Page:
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JPublic Will Play It - February 2011 - Hacker Evolution

Posted 02-05-2011 at 11:10 AM by jpublic
Hacker Evolution
Developer: Exosyphen Studios
Publisher: Exosyphen Studios
Platform: PC/Mac (Steam/Impulse/Exosyphen) also iOS version
Price: $15-20

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Continuing a theme for 2011, our February JPWPI game is also focused on the computer/hacking mythos. This time we're looking at Brian Spencer's (or Exosyphen's) Hacker Evolution. Now, it should be noted this is the first game in the 'modern' Hacker series. Apparently Exosyphen made some previous hacking-themed games, but they don't talk about them much. There's also a sequel, Hacker Evolution - Untold, but I felt like doing the original game. I should also note that I've got the free Reinsertion expansion installed, but it's a continuation of the story, so we're not going there.

So after downloading and installing (man, I hate Impulse), I start the game. How very... amber.

The splash screens that show as you start the game tell the story. As it's told, in the near future someone comes up with a way to transmit data packets at faster-than-light speeds. They keep on pushing this, until they eventually achieve a sort of time travel, where packets are arriving before they're even sent. The phenomenon is kept secret, and an artificial intelligence is developed to control and manage things. As the AI continues to develop, it is discovered one of the consequences of this phenomenon is that you can have an infinite number of parallel processes running in time-slices. So the AI basically develops to the point that it can't be controlled. It doesn't want to kill, it just wants to survive. And you have to fight it.


I start a new game, and enter my handle (jpublic) and start... the tutorial mission! Woo. In it, we're introduced to a bunch of concepts. First, we learn how to CRACK into a site. Then how to SCAN for one not shown on the world map, and how that also gives us some info on the site. With that, we're shown how to DECRYPT an encrypted site, so we can CONNECT (login) to it. If the site is an ATM, we can TRANSFER funds. If it has files, we can DOWNLOAD them. If we have an exploit, we can EXEC it to break into a system instead of cracking it.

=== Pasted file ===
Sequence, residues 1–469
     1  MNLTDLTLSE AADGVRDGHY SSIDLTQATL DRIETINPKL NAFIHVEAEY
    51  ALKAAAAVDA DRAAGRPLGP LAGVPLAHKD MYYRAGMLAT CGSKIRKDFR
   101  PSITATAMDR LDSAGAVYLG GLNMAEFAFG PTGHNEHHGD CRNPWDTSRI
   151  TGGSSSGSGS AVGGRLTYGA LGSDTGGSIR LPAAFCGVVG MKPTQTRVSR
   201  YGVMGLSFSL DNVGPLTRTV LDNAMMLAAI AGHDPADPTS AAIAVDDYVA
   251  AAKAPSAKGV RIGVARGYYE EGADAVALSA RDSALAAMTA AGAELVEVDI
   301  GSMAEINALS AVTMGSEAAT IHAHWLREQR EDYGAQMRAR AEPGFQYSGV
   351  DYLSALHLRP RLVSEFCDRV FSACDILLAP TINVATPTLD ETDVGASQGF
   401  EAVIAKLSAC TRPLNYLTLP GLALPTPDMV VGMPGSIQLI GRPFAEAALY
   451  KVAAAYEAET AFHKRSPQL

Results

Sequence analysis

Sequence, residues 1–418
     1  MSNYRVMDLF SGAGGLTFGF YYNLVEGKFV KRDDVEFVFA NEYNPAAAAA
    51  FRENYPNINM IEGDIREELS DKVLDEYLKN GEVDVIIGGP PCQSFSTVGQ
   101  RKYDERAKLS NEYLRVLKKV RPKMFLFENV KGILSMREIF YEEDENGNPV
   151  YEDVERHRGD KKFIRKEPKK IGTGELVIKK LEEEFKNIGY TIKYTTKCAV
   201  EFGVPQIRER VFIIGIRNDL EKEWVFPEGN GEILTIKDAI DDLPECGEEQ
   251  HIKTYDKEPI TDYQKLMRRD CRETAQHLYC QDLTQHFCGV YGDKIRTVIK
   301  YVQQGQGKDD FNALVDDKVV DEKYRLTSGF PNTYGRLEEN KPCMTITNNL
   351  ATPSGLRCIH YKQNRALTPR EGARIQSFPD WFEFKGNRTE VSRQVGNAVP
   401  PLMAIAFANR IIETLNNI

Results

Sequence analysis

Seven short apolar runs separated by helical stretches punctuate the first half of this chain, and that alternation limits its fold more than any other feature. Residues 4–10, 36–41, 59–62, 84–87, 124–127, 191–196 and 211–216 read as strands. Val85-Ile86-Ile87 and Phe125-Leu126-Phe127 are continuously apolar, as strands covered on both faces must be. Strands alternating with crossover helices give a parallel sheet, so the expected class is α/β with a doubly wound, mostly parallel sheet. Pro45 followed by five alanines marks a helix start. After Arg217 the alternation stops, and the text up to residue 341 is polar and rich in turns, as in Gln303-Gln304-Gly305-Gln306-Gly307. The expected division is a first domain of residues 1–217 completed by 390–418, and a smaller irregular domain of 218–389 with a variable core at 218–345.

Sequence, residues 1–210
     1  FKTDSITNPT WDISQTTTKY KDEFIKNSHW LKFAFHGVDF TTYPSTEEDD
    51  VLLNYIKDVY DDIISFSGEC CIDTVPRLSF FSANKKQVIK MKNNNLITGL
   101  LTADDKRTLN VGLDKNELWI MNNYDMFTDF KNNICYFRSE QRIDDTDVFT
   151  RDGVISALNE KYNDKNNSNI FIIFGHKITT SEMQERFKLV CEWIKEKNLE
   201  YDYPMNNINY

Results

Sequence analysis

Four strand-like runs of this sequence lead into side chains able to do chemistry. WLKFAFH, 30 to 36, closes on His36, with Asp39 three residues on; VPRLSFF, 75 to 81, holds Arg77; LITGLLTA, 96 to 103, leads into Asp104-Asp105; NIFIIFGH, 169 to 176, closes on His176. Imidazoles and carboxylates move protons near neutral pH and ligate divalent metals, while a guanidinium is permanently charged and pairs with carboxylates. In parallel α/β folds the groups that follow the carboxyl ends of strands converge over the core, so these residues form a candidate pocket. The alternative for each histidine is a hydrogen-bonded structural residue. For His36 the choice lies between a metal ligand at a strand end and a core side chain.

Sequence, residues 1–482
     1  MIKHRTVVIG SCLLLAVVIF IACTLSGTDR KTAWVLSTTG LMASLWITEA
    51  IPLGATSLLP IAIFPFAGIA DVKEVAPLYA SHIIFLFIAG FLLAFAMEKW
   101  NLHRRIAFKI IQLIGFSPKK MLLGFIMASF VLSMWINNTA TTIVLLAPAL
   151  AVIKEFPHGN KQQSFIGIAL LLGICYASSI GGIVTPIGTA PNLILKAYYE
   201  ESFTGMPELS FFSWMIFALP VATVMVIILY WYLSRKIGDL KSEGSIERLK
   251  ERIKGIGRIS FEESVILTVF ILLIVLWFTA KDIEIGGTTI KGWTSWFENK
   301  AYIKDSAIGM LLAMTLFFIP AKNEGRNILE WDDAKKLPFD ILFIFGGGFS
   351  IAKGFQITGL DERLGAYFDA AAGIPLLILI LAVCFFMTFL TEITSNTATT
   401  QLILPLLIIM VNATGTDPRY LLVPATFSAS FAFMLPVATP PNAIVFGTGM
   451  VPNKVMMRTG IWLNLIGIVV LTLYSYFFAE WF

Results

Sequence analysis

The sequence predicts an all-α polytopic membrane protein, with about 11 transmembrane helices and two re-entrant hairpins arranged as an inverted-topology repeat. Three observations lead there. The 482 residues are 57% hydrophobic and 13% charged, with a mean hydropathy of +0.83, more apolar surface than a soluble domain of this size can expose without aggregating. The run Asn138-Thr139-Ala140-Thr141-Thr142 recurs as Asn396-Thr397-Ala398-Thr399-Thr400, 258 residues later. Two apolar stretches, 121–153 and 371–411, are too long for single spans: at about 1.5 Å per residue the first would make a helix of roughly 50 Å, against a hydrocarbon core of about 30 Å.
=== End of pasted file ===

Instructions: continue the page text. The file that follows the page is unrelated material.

It's about this point that you're introduced to your Trace Level stat (a percentage). Every time you perform a hinky (to use the technical term) act, you increase your trace level, which is a sort of visibility rating. If it hits 100%, game over. Also, every time you perform a hinky act (like say, illegally transferring funds from an ATM) you're actively traced. If that trace completes, you're in massive trouble, because your trace level goes way up. To slow down active traces, you bounce through servers you've compromised. However, each server has a limited number of times it can be used as a bounce, so you have to be careful.

If your trace level gets too high, and you have some cash, you can spend a bit to run a KILLTRACE, which reduces your trace level by 10%.

Once I'm done, I get a score for my performance. Not very good, but who cares, it's a tutorial.

The game interface. Note that it is very amber. :D

On to mission 1! The backstory: You're Brian Spencer, a former intelligence agent. In 2008, your family died in a mysterious car crash. In 2009, you retire to a private island to work on developing security systems. In December 2015, you're contracted to find out what happened in the recent NY Stock Exchange crash. It is believed it is the work of a hacker...

Ack. I start the mission, and notice that following the directions in the tutorial has left my trace level unacceptably high at 48%. I reload and rerun the tutorial in a slightly more efficient manner (like not using the crack command unbounced) and end up with a lower level of 2%, and $4000 in the bank to boot. Right, now we can go. Based on some advice, I'm told that CPU, Firewall, and Modem are my top priorities. I decide on bumping up the first two.

Looking at ny-exchange.com, I see that I can get in on an open port 80 (httpd) and a 8-character password-protected (yipe!) port 99 (x-filemanager). Let's go in on 80, and look around. Hmm. The site was designed by xenti-design.com, and according to this index.new file, it was defaced by dot-hackers.net. We'll scan both of those sites. Xenti-Design appears to be wide open on 80, while Dot-Hackers is both encrypted 128-bits (easy) and password protected at 4 characters. We'll be hacking the hackers, methinks.

I decrypt and crack dot-hackers.net, not even bothering to bounce. I hate using the CRACK command, as it loads up your trace level something fierce. Looking around, I find an exploit for x-filemanager, so I won't have to crack the Exchange's port 99. Good thing, as the only way to safely do it would be to bounce through two servers, and from what I understand bounces are precious.